What Saith the Scripture?

Gospel Liberty

by Charles Grandison Finney
President of Oberlin College

from "The Oberlin Evangelist" Publication of Oberlin College
Lecture XIII
August 16
, 1843

Public Domain Text
Reformatted by Katie Stewart

Text.--Gal. 5:1:"Stand fast, therefore, in the liberty wherewith Christ hath made us free, and be not entangled again with the yoke of bondage."

In this lecture I shall show,

I. What is intended by the yoke of bondage.

II. What it is to be entangled with it.

III. What is the liberty here spoken of.

IV. How Christ makes us free.

V. The danger of becoming entangled again.

VI. When Christians are in bondage.

VII. What is their remedy.

I. What is intended by the yoke of bondage.

The Apostle had immediately under his eye, the ceremonial law of the Jews. This is evident from the whole context. Judaizing teachers had come in, and were trying to ingraft the cumbersome observances of the Jewish ritual upon the gospel. This the Apostle was so grieved at, and felt to be such a departure from Christ, that he declared they were fallen from grace in complying with such instruction. But it was not simply because he rejected the ceremonial law, and regarded it as useless, that the Apostle thus resisted the observance of it, but because he had his eye on a principle of the last importance to the Church. Why was the ceremonial law a yoke of bondage? Because it had no tendency to reform the heart, and thus render its own observance a matter of choice. Any precept given us, contrary to the state of mind in which we are, is a yoke of bondage. And this is true, whether it be a precept of the Old or New Testament. The principle is universal. You may see it in the conduct of children. Impose some requirement upon them, contrary to the state of their hearts and you will never fail to see that their obedience is not cheerful, but constrained--a mere servitude. Every requirement, then, the spirit of which we have not, is to us a yoke of bondage.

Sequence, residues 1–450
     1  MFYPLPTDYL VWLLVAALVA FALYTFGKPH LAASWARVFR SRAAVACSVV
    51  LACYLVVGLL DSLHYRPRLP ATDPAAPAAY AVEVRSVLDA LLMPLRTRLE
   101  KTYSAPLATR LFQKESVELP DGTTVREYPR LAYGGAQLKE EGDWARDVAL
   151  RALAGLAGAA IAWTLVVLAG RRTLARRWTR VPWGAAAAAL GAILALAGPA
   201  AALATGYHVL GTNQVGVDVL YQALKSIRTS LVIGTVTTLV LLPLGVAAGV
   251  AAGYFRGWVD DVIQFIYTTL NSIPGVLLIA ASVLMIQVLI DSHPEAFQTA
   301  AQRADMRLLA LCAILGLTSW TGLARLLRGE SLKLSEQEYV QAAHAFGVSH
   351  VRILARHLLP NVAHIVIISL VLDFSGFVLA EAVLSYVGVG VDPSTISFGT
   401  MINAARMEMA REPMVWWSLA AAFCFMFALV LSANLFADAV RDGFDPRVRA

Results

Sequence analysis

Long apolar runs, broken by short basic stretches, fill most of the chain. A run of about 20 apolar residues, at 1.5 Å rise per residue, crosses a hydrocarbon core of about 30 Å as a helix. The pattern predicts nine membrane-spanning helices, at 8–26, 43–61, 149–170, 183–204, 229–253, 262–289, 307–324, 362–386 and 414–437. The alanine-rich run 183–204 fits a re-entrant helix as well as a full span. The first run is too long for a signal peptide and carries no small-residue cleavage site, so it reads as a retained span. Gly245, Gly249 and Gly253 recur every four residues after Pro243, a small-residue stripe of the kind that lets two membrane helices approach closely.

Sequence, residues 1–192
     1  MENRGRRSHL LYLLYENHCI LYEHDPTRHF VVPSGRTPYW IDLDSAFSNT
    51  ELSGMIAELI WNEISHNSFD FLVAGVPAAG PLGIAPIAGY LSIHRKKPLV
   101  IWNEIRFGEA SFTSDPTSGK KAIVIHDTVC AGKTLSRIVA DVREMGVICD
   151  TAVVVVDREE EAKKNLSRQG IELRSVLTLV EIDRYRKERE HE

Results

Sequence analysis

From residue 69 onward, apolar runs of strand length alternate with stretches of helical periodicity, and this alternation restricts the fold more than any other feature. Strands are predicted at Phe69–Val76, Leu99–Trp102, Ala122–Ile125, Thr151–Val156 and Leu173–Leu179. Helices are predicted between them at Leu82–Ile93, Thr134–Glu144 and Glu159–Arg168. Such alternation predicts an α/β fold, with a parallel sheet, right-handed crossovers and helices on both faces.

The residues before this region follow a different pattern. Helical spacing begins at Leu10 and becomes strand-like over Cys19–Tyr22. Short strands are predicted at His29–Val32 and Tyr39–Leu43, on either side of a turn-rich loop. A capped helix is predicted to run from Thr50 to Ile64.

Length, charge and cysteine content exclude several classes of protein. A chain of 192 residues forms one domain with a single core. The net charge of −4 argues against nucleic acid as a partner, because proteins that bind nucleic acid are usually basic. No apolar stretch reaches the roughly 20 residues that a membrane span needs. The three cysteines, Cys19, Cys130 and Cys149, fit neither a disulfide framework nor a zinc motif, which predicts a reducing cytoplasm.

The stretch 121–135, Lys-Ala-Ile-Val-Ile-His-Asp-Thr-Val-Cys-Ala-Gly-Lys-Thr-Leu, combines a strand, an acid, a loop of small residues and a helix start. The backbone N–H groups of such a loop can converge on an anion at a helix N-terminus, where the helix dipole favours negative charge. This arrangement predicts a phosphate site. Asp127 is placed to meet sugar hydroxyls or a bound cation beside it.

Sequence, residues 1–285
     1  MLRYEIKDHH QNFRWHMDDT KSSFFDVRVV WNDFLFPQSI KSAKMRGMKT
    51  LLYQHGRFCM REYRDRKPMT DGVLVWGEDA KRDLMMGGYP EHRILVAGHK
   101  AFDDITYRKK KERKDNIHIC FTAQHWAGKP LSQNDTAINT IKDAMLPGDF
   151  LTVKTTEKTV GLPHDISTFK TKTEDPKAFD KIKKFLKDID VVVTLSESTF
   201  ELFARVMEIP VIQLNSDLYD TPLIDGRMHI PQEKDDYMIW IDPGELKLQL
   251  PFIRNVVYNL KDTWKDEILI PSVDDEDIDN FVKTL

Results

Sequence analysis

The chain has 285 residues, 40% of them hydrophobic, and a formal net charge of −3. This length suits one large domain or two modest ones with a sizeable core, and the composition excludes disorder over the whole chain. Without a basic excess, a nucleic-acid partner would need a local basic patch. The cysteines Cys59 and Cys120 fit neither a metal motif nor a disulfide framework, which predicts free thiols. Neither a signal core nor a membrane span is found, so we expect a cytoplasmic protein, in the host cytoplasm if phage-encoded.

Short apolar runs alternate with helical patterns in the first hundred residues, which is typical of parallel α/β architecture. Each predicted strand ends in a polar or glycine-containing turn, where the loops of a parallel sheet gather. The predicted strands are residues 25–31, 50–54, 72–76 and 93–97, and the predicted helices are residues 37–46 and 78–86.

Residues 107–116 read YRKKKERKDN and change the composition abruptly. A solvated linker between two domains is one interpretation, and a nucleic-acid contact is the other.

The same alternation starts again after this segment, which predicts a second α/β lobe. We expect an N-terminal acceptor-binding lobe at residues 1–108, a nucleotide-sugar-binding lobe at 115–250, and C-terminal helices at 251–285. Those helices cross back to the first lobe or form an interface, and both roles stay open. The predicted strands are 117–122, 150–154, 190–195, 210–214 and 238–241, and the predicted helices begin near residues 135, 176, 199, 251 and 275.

II. What it is to be entangled with it.

III. What is the liberty here spoken of.

IV. How Christ makes us free.

V. The danger of becoming entangled again.

VI. When Christians are in bondage.

VII. What is their remedy.


1. You may see from this subject, the difference between a legal and a gospel religion. A legal religion is works without love, a gospel religion, works by love. A brother said the other day, he did not understand this distinction. Why it is obvious as the distinction between day and night. Both the true Christian and the legalist works, but the one works with, the other without love. They both do the same things outwardly, but the one is free and the other a slave in the performance.

2. See why the moral law is called the perfect law of liberty. It was ordained to life, and when obeyed in its spirit, gives life. But why do persons find it unto death? Because when the spirit is lost, the letter kills. It is when it is legally, that is, heartlessly obeyed, that it works our overthrow instead of our deliverance.

3. See what is intended by such passages as Gal. 5:18, "But if ye be led by the Spirit, ye are not under the law;" and Rom. 6:14, "For sin shall not have dominion over you; for ye are not under the law, but under grace." It is not intended that the law is abolished, but that its spirit has become their law. They are not under it in such a sense as to need its sanctions to press them up to duty.